Our phone chat #22 – Lorna

Maria: Hello Lorna. I have known you for some time now and, in that time, I have come to learn about your brave and stoic attitude towards facing your many daily challenges. You have multiple disabilities as well as having epilepsy.

Lorna: If it wasn’t for my children and my dogs, I don’t know how I would have kept going. I had a serious car accident 45 years ago and I lost my left arm, my spleen, and I had spinal damage. I sustained kidney failure and liver damage and I lost much of my eyesight. I had a serious brain injury which has caused me to have epilepsy. I know that there was talk of having my life support turned off at the time but my intensive care medicine specialist knew that I would survive. Sometimes, I felt guilty for surviving but I needed to keep going for my kids as there was talk of putting me in a home and having my children fostered out. I had to fight for us to stay together.

Maria: They were truly tough days for you but you recovered and, what is more, you trained horses and continued working on the farm.

Lorna: I would take horses that were destined for dog tucker or were considered too wild to tame and I would break them in kindly. One day a man saw me hopping on and off my horse with one arm and he said that I had changed his attitude to life. He became more positive. I would like to think that I have had that influence on people.

Maria: Please tell me how you started training your dogs as they have helped you with your epilepsy.

Lorna: My children left home and I needed more support and so I looked at getting a dog through an agency. Dogs have always helped me rounding up sheep on the farm and so I gathered that they could also learn to help me. It was at that stage that I got a computer and I learnt about guide dogs. But because of my multiple disabilities I couldn’t get a dog through the Blind Foundation or through Epilepsy Assist Dogs.

I have numerous seizure types from absence, focal, atonic, and tonic clonics and so I needed a dog to help me deal with all of those and with me being completely helpless when I was down struggling on the floor. Not every dog can be around people with epilepsy, as they would see it as a threat, but I have chosen my dogs well.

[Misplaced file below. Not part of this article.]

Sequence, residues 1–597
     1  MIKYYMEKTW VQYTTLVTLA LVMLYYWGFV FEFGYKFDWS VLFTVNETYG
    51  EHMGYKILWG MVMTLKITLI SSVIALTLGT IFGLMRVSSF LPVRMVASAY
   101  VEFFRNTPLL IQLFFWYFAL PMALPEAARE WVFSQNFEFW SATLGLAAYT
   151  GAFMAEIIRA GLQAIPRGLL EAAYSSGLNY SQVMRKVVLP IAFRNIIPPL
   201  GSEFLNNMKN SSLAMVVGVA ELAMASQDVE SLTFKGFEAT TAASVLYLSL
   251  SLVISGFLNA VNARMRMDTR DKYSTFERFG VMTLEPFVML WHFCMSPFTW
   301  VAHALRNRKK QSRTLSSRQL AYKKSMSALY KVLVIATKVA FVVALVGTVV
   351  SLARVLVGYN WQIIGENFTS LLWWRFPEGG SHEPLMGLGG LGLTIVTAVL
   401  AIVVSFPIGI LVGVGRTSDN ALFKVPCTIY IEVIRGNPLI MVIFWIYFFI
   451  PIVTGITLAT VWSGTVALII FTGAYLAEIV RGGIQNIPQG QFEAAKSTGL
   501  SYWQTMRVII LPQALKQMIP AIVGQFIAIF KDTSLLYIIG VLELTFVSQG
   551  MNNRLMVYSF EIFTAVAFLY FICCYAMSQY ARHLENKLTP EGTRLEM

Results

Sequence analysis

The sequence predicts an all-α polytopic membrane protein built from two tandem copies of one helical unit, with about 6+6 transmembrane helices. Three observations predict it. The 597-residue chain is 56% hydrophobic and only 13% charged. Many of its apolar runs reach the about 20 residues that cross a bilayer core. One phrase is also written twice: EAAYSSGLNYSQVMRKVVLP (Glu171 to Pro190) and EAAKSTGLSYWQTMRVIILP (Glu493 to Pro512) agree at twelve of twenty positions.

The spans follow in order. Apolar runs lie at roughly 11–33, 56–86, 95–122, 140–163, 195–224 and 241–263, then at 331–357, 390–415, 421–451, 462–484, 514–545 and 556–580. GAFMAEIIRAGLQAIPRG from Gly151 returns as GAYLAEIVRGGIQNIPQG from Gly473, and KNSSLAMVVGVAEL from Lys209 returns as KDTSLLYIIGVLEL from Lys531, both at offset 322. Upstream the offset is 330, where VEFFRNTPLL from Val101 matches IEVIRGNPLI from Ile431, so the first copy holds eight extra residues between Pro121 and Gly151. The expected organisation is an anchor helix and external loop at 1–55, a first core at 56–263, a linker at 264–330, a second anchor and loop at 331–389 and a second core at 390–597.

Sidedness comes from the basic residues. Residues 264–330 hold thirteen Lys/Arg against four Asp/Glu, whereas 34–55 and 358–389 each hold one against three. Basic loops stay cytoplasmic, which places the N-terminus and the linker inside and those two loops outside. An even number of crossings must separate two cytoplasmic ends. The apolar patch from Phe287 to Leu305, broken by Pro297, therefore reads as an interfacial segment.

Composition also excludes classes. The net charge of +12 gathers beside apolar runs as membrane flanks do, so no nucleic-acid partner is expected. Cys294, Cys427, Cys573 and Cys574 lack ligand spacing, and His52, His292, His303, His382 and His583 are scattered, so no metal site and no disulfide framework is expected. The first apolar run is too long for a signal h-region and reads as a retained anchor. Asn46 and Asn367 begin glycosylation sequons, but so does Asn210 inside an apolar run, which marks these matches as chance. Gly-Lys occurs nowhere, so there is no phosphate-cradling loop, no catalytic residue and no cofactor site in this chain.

Tara was my very first dog. She was a pig dog, a pack animal who lived outside in the kennels. I had to toilet train her and she had to get used to living inside and sleeping on a dog bed without falling out. She was so clever and she quickly learnt what I wanted from her. She was terribly intellectual, so clever, and she would alert people that I was going to have a seizure before I knew myself. I had Tara for 16 years and then one day she decided that she didn’t want to work.

I then reached out to Assistance Dogs and I was given a dog but they broke my heart when they took her away. The trainers had no idea what I wanted from the dog and said that my needs were too complex. I then trained up Faith. She was a beautiful blue-grey colour and was a border collie-kelpie cross who worked as an eye dog, a huntaway, rounding up the stock. She would round them all up, from the hills, swamps, paddocks and put them where they needed to be and then she would come back and guide me. When I took her shopping, I would leave her outside the supermarket but she seemed to sense that I was about to have a seizure and she would come bounding in and lead me back to the car where I would then have a seizure. She too lived for about 16-17 years. She was loyal to me to the day she died.

Maria: Did it take you a long time to train your dogs?

Lorna: No. I have been around animals all of my life and so I know how clever they can be. People need to give animals more credit for what they can do.

After I retired Faith, I trained up another dog called Georgia, who I have now. She is probably not as good as Tara and Faith but she gives me the love and care that I need right now. She knows when I am about to have a seizure and she will gently push me back onto my bed or chair so that I am safe. She has terrific physical strength and she will manage to get me off the ground, if I have fallen. She will wiggle herself underneath me until I am able to get myself up. I won’t even need to give her a command to help me, she just does it.

Maria: I know that Georgia is getting quite old. Will you train up another dog?

Lorna: Do I train another dog? It is a hard life for a working dog as it is 24/7 but without a dog in my life, I will be very lost. I wouldn’t last very long and so I am looking at a puppy to train up. Someone else can do the puppy training and I will do the rest.

Maria: Thank you for this wonderful conversation about the dogs that you have trained to help you with your epilepsy. I know that your epilepsy has caused you problems over the years but your faithful dogs have provided you with the love and support when you have needed them.

I look forward to meeting your new dog. I knew Tara and Faith and I know Georgia. It will be wonderful to see another dog in your life.